Warren Buffett's disclosure of Berkshire Hathaway's (NYSE:BRK-A) (NYSE:BRK-B) holdings last Friday probably made a couple of meaningful points.

The first is obvious: Despite being the most revered investor of our times -- or perhaps all time -- Buffett, along with his team of helpers, is capable of heading down the wrong investment path. On the energy front, he demonstrated that by snapping up ConocoPhillips (NYSE:COP) shares for Berkshire at or near the top of their run.

In addition, an economy that continues to teeter wildly hasn't helped the Oracle of Omaha -- or anyone else, for that matter. Nevertheless, Buffett is proving that he can take his medicine like the rest of us. His team has been unloading Conoco shares hand over fist, taking a drubbing in the process.

But secondly, this massive investment in Conoco, which made Berkshire the Houston-based oil company's largest shareholder, proved that, despite the manner in which we tend to lump them together, all Big Oil companies are not created equal. As to the second point, take a quick look at the table below, which shows how Big Oil companies have fared relative to their 52-week highs.

Company

52-Week High

Price 5/15/09

Decline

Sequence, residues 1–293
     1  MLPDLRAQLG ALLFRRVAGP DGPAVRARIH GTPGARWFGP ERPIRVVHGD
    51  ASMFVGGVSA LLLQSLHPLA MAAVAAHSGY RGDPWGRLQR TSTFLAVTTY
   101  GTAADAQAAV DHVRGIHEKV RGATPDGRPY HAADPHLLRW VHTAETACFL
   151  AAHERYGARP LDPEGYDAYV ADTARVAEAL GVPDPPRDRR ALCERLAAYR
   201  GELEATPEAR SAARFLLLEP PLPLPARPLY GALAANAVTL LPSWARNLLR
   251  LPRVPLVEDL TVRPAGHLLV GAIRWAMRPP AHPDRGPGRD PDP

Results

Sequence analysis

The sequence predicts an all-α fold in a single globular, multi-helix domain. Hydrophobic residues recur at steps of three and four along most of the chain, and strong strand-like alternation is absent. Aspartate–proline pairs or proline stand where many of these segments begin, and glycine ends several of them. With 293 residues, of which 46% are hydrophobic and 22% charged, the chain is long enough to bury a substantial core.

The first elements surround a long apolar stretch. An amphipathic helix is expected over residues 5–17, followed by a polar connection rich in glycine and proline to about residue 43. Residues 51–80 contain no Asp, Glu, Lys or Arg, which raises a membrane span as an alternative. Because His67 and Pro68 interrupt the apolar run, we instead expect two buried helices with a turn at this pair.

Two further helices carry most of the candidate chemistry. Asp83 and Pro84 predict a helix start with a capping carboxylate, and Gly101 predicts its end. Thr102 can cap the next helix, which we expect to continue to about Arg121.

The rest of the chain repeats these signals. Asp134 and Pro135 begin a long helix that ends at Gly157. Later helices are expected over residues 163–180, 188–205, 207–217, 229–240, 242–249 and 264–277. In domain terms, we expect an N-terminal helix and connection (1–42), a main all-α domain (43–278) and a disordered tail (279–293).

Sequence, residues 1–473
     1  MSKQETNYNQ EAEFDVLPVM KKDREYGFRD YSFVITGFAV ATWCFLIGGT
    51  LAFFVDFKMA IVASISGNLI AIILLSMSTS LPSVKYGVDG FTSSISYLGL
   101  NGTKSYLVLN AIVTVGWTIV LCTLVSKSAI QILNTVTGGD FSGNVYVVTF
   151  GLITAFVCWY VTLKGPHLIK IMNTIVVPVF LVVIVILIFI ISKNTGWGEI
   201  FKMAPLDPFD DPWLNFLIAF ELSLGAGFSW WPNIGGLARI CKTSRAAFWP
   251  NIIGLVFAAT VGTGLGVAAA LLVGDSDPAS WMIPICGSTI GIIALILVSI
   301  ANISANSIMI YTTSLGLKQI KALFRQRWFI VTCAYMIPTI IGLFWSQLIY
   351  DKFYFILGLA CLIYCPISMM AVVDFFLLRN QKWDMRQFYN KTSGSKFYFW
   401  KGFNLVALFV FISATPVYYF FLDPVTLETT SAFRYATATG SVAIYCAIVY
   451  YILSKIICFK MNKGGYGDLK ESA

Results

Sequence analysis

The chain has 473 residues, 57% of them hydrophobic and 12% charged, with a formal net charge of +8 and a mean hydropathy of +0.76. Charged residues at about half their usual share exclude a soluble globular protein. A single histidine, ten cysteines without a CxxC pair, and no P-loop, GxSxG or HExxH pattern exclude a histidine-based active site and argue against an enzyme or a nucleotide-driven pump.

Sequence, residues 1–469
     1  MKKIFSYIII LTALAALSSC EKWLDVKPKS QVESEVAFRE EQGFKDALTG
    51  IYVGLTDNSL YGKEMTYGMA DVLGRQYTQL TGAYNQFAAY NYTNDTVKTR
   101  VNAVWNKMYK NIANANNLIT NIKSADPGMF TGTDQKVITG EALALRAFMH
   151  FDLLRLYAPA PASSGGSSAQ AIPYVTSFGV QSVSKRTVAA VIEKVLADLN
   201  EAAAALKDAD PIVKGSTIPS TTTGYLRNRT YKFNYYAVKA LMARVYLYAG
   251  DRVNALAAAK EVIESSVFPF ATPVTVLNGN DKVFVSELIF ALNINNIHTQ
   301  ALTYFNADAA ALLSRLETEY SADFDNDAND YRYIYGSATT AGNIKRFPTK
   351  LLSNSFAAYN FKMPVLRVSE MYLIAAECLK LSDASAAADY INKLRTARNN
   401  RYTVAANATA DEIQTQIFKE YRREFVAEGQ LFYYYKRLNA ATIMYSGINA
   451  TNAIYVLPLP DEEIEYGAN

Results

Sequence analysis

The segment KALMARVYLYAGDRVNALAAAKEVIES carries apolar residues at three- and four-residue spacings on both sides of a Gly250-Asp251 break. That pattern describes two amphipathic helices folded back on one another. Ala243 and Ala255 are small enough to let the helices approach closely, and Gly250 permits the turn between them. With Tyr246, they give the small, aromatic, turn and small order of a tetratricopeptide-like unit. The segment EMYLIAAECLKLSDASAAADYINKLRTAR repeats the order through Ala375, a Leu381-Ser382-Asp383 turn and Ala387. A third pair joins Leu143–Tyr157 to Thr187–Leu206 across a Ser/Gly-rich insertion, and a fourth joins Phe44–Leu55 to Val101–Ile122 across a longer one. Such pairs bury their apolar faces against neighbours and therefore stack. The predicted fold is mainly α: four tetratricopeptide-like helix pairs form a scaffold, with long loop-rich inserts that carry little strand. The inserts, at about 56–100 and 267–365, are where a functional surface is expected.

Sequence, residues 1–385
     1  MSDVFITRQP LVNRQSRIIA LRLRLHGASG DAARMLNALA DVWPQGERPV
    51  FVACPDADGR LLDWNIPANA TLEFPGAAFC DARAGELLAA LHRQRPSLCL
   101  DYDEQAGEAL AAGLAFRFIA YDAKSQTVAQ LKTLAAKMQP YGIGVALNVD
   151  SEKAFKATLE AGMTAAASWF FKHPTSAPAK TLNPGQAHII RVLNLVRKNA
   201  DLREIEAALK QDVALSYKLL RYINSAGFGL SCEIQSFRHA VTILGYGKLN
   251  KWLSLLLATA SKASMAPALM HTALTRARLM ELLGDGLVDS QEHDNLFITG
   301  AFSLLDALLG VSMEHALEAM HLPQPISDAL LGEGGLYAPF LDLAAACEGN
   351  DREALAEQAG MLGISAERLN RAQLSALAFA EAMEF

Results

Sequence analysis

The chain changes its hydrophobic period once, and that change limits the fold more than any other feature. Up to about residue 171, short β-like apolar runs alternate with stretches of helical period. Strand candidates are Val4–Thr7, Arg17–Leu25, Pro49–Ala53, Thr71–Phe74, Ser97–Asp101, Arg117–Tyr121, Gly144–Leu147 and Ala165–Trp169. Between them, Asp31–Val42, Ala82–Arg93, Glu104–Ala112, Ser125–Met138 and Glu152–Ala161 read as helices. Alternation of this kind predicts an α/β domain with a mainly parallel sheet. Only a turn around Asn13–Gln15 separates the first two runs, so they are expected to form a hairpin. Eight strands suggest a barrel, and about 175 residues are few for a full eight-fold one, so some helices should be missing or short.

BP (NYSE:BP)

$77.69

$45.62

41%

Chevron (NYSE:CVX)

$104.63

$65.88

37%

ConocoPhillips

$95.96

$43.93

54%

ExxonMobil (NYSE:XOM)

$96.12

$69.11

28%

Shell (NYSE:RDS-A)

$88.73

$48.43

45%

I frankly haven't a notion why Buffett and his team settled on ConocoPhillips for a buying spree last year, something he now calls a mistake. It clearly has been the laggard among the big integrated companies in year-to-date performance, and the company also was the caboose among the group regarding last quarter's earnings slide versus the prior year.

However, Conoco finishes behind only Exxon in share price recovery, as crude has ascended from its early-year lows. I'm not certain I'd be selling it today if I owned it at much higher levels, although Buffett maintains he's doing so for tax reasons.

I also believe that crude's upward movement since February virtually mandates that Fools -- after careful analysis -- include at least a minimal energy component among their investments. On that basis, I'll sign off with a pair of specific thoughts on this subject.

First, I'd avoid buying shares in ConocoPhillips, given its low reserve replacement ratio and relative standing in the group. I've said repeatedly that I think ExxonMobil remains the qualitative and quantitative star of the show. I haven't changed my mind.

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Fool contributor David Lee Smith doesn't have financial interests in any of the companies mentioned above. He does, however, welcome your questions or comments. Berkshire Hathaway is a Motley Fool Stock Advisor selection, a Motley Fool Inside Value recommendation, and The Fool owns shares of it. Try any of our Foolish newsletters today, free for 30 days. The Fool has a mistake free disclosure policy.